Get the latest from TODAY
The fantasy land of Hollywood now presents “Eragon,” essentially “Star Wars” — with dragons. Or maybe “The Lord of the Rings” — with dragons.
This sword-and-sorcery tale loots its plot points and character archetypes from millennia of standard-issue mythology, old and new. It does offer some striking visual effects and a climactic battle of computer-generated combatants that’s rousing enough, even if it looks like outtakes from the epic clash of “The Return of the King.”
To the movie’s credit, director Stefen Fangmeier has rounded up a top-notch cast, including Academy Award winners Jeremy Irons and Rachel Weisz, along with John Malkovich, Djimon Hounsou and Robert Carlyle.
Adapted from the first novel in Christopher Paolini’s “Inheritance” trilogy, “Eragon” is set in Alagaesia, which would have made a good name for a laxative but is the author’s stand-in for Middle-earth of “The Lord of the Rings.”
Alagaesia is a realm of sorcerers, elves, monsters and dragons, though the latter have become scarce since tyrant King Galbatorix (Malkovich) betrayed the Jedi Knights, er, the dragon riders, humans who ride the flying beasts and maintain peace in the land.
Years ago, dragon rider Galbatorix managed to wipe out his brethren and their fire-breathing lizards — or so he thought. A single dragon egg has eluded him, and through some hocus-pocus, it comes into the possession of innocent farm boy Luke Skywalker, oops, Eragon (teenage newcomer Ed Speleers), who lives a quiet life in a small village with his uncle and cousin.
Resembling a huge blue jelly bean, the egg hatches to reveal the cutest little dragon you’ve ever seen. The wee one immediately bonds with Eragon, who has been chosen to lead the rebirth of the dragon riders and battle Galbatorix.
The dragon reaches mammoth adulthood fast — like, blink-of-an-eye fast, but that’s the problem with dragons, they grow up so quickly. Suddenly, the beastie is able to communicate telepathically with Eragon in Weisz’s classy voice (must be something about Oscar winners and dragons; Sean Connery was the reptile’s mouthpiece in 1996’s “Dragonheart”).
The dragon notifies Eragon that her name is Saphira, and she’s there to take him into the not-so-friendly skies. Tragedy at home sends Eragon and Saphira on the run with Sir Alec Guinness, make that Irons, as Brom, a former dragon rider who becomes the youth’s Obi-Wan Kenobi mentor.
Brom instructs Eragon in the ways of dragon riders while racing to the rebel base, no, wait, the hideout of the freedom-fighting Varden, led by the noble Ajihad (Hounsou).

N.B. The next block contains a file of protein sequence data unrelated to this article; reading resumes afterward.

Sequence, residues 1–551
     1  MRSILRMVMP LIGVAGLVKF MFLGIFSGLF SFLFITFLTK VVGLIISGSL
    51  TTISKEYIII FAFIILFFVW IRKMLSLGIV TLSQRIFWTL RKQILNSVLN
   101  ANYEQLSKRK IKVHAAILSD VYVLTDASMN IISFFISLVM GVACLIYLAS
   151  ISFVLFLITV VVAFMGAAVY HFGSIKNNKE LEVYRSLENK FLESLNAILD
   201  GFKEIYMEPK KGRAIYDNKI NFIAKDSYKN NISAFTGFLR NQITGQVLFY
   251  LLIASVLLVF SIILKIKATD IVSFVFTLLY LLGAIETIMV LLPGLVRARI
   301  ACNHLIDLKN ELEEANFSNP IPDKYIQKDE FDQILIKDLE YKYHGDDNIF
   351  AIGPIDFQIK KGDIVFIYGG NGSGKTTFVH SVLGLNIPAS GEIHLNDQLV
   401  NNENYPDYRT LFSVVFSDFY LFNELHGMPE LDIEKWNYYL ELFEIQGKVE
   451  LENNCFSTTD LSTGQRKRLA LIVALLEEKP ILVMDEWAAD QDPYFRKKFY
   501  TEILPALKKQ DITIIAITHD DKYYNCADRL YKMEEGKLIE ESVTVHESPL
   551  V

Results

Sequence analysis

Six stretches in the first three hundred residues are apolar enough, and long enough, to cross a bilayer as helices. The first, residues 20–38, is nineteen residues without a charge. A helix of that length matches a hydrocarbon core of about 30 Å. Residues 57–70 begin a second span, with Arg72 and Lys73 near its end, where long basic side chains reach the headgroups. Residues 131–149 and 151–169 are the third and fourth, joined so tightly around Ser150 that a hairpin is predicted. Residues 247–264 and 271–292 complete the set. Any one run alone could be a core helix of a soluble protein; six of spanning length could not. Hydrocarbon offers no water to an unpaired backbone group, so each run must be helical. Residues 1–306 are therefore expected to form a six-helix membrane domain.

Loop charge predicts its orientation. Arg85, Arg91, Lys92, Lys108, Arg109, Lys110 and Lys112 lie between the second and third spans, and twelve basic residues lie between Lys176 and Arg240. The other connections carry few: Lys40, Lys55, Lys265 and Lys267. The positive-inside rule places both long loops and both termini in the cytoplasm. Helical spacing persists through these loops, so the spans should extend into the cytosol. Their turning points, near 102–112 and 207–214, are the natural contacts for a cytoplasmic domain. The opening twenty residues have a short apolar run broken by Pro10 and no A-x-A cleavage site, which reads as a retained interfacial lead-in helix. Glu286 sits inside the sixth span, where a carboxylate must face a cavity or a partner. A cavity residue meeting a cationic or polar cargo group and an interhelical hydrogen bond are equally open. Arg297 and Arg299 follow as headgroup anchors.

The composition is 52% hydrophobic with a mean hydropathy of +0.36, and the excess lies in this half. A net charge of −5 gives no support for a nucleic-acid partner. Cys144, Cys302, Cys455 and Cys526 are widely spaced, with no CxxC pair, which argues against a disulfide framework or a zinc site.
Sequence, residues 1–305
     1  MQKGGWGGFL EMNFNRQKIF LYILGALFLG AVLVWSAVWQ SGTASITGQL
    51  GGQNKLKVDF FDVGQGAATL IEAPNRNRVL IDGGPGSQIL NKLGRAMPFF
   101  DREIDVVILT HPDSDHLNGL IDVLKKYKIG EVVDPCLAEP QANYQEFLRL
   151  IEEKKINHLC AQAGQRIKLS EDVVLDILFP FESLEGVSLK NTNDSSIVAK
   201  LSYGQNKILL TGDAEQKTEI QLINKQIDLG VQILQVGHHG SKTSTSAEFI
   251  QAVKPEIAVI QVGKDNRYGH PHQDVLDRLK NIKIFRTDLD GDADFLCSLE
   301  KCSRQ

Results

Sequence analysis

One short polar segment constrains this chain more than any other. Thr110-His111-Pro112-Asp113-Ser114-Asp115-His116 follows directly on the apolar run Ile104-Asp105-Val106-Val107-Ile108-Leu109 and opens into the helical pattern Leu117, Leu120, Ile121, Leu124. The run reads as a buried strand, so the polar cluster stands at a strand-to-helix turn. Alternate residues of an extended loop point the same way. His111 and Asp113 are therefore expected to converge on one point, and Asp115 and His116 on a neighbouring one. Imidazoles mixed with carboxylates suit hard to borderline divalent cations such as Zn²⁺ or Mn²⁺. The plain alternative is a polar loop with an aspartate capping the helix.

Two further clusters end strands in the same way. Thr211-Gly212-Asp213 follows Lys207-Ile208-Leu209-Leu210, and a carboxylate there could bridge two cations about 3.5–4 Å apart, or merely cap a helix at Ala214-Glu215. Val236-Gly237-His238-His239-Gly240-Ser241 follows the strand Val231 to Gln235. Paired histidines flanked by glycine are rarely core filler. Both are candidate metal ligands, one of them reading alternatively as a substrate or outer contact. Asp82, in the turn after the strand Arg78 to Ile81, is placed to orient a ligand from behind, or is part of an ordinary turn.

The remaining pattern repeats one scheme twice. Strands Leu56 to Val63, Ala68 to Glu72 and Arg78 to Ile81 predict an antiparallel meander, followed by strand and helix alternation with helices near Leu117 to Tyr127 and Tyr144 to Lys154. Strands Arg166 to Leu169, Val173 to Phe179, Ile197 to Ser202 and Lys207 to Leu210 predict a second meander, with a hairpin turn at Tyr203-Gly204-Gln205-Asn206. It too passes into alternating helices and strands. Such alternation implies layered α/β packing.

Meanwhile, back in Mordor, or rather, Galbatorix’s castle, the king and his sorcerer lackey Durza (Carlyle) keep sending their inept monster henchmen after Eragon and friends. Durza has imprisoned the lovely Princess Leia, wait, we mean the warrior princess Arya (Sienna Guillory), who was on a mission to find the next dragon rider and now is being used by the wizard to hunt down Eragon.
Lest Han Solo fans feel their man’s been left out, “Eragon” also includes the wily rogue Murtagh (Garrett Hedlund), who becomes an ally to the good guys despite his shady pedigree.
The story plays out by-the-numbers, with lots of magic, swordplay and some rather intense images for a PG-rated movie. Saphira’s a cool digital creation, soaring eagle-like on wings both scaly and feathery, her expressive face a nice match for Weisz’s stately voice.
Bland pretty boy Speleers is overshadowed by his dragon and human co-stars, with Irons especially impressive despite some very silly dialogue. With really bad teeth and wild auburn-red hair, Carlyle’s Durza is a decently deranged madman. Malkovich is limited to a few scenes, though the movie sets up a clear sequel with a bigger role for the evil king.
Far more interesting than anything on screen in “Eragon” is the back-story of its creator. Author Paolini just turned 23 and was home-schooled by his parents, the family publishing the novel themselves before Alfred A. Knopf picked it up and turned it into a bestseller, along with part two of the trilogy, “Eldest.”
That’s a great fantasy tale, and one that happens to be true.